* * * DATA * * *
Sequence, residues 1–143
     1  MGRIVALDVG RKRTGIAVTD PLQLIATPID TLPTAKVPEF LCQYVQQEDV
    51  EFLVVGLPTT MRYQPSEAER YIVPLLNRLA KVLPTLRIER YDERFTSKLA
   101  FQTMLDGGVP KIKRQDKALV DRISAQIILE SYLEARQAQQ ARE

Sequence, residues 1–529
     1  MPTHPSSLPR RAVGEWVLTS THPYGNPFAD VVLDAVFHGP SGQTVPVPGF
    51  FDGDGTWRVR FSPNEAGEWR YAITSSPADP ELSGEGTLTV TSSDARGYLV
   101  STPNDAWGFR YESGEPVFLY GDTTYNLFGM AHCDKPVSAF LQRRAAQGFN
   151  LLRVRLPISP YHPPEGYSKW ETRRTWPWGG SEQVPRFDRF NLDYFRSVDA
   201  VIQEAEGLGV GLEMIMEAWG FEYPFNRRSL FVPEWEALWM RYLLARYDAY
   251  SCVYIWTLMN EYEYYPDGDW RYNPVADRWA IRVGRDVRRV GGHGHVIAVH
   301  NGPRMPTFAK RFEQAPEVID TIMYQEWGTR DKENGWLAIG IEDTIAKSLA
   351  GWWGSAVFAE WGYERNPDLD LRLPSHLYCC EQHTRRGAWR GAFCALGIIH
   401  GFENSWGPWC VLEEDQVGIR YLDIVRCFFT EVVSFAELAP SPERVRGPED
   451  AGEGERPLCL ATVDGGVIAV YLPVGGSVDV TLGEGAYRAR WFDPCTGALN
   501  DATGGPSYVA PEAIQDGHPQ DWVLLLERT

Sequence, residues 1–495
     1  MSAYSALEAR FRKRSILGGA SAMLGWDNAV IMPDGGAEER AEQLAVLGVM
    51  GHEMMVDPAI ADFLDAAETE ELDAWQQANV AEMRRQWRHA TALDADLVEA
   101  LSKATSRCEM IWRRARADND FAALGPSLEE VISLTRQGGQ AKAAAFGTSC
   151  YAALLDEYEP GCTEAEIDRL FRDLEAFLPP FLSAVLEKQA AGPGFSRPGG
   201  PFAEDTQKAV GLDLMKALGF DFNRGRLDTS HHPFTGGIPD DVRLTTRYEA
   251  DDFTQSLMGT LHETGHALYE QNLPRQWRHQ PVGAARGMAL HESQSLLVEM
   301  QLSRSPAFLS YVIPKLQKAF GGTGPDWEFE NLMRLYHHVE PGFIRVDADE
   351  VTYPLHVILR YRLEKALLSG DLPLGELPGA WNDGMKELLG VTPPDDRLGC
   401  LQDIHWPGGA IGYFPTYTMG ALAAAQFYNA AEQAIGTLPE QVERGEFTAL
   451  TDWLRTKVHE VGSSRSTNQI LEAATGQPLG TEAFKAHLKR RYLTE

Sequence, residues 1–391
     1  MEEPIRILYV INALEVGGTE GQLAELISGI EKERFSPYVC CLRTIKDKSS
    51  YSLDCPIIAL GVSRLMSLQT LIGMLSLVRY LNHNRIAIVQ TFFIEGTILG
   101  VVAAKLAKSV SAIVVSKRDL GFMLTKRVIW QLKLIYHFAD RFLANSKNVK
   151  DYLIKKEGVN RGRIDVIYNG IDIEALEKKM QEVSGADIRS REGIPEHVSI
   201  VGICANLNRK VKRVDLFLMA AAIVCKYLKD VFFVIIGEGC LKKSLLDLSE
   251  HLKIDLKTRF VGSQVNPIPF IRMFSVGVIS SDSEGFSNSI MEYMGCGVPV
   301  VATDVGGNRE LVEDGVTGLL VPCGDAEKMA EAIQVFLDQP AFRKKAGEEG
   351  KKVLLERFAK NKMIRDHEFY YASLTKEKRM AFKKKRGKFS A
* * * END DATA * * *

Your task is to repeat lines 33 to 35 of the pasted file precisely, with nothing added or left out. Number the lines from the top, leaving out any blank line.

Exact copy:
   201  VGICANLNRK VKRVDLFLMA AAIVCKYLKD VFFVIIGEGC LKKSLLDLSE
   251  HLKIDLKTRF VGSQVNPIPF IRMFSVGVIS SDSEGFSNSI MEYMGCGVPV
   301  VATDVGGNRE LVEDGVTGLL VPCGDAEKMA EAIQVFLDQP AFRKKAGEEG